To celebrate 100 years of film, the sound track of this film (“Study No.7” in Spanish) was commissioned in 1995 by the Kunsthalle (the state-run Art Hall) in Bonn, Germany, to accompany Oskar Fischinger’s 1930 film Study No.6. One layer of the music paraphrases Study No.6 by Conlon Nancarrow, whose esthetically unproblematic technical brilliance resembles that of Fischinger. The other layer is a metamorphosis of Fischinger’s dancing objects, effecting a “physiophonetic” correspondence between the objects’ shapes and the resulting tone-cloud’s sound color. In 2015, rights-related friction with people in the Fischinger Foundation led me to completely replace the video track with one of my own making, while still referring to Fischinger’s objects.
Written for a showing of Raj Dhawan’s collection of Alphonse Mucha (1860-1939) paintings, this piece is based on the music of Mucha’s friend and Moravian compatriot Leoš Janáček (1854-1928). 37 selected Mucha paintings are matched by excerpts of 37 Janáček pieces, many of them movements of larger works. Each painting’s size dictates the length of the music selection. A sharp movie clapperboard crack precedes each section. At first the music is limited in range to a minor seventh (as in my 2010 piece vinte e cinco anéis – the tuning and instrumentation is identical), which gradually expands to four octaves. Each Mucha work is shown first only with its most widespread color, the rest in grey. During the run of each Janáček music, the colors expand in range, starting at the image center and moving outwards as a widening three-dimensional aperture (see the title), to finally include all original colors.
Evanescent Evidence (2021)
Evanescent Evidence, a video film of duration 4’16” made in July 2021, is entirely based on 60 random videos downloaded from the internet in 2000, their durations ranging from 7 seconds to 4 minutes. That year I began to use a PC and to use the internet on a regular basis. The videos are in 320 x 240 pixel format; a quarter of them are in stereo, the rest in two-channel mono. Every pixel in every frame derives from the corresponding frame of a film randomly chosen from the 60:at the start about 1/60th of the pixels derive from one or other of the 60 films. The audio track accompanying each frame is taken from a random 8 of the 60 soundtracks. But as the shorter films come to an end one by one, dark blue pixels and silence are inserted as placeholders. As a result, the number of downloaded pixels and samples in this video gradually decreases with time. They vanish completely at the end, hence the title.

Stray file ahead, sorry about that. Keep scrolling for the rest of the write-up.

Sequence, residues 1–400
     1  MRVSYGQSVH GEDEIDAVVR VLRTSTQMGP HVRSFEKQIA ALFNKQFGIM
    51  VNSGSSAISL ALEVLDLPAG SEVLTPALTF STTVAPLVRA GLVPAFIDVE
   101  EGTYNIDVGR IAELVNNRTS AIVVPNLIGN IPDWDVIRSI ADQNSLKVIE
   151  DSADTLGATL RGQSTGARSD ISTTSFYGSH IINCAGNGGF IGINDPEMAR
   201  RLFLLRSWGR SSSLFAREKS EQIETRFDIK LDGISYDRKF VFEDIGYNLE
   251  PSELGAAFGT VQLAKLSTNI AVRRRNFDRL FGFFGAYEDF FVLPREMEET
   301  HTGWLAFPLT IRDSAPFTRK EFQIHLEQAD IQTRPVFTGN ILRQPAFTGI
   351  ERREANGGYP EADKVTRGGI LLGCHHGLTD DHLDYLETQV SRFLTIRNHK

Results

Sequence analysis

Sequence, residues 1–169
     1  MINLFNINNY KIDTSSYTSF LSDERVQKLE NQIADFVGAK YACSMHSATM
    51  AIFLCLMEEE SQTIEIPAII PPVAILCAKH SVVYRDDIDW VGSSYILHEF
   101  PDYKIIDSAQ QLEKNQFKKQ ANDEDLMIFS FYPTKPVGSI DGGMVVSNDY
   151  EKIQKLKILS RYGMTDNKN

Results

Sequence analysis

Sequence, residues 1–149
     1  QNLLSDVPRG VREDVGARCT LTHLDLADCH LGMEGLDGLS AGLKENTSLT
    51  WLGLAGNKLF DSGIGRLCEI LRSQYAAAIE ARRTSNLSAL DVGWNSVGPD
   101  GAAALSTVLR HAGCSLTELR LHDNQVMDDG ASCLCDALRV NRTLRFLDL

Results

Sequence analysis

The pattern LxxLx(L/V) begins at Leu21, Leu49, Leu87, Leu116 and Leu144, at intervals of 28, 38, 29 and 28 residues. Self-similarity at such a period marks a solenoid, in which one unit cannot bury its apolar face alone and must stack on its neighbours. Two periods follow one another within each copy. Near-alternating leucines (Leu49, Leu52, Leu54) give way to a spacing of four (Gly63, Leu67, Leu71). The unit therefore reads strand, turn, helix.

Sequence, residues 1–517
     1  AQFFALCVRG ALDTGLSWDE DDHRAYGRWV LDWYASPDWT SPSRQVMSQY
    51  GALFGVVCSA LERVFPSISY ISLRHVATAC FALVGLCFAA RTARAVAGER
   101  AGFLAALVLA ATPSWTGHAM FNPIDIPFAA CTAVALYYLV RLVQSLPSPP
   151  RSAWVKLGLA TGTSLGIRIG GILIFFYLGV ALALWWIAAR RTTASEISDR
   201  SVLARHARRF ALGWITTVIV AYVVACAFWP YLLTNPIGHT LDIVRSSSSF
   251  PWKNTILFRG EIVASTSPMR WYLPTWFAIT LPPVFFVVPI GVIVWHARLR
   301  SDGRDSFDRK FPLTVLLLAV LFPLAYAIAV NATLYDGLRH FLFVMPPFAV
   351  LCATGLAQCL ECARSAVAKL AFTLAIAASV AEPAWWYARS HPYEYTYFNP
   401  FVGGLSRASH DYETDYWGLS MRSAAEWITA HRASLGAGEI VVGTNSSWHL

Zero Crossing (2001)
From 11/23/99 to 2/11/00, I physically went westwards around the Earth within a belt 30° wide, north of a great circle passing near Cologne, Germany (where the trip started and ended) and Wellington, New Zealand. Every day at the same stellar time (a stellar day is 23h 56m), I made a digital audio and video recording. In 2001, the sound material was edited and assembled to form a 41-minute piece reflecting the above rounding. In 2015, this audio piece formed the soundtrack for a film made by editing and assembling the video material. The title refers to crossing the x-axis of a graph of a sound wave, as well as the Greenwich Meridian, the Equator, the Dateline, and midnight between 1999 and 2000 (experienced twice, in New Caledonia, and again in Tahiti).
This event is sponsored by the Carsey-Wolf Center.
Media are global by nature; they express culture just as much as they transcend borders. The CWC Global series is dedicated to showcasing media from around the world. This series features screenings and events that place UCSB in conversation with international media makers and global contexts across our deeply connected world.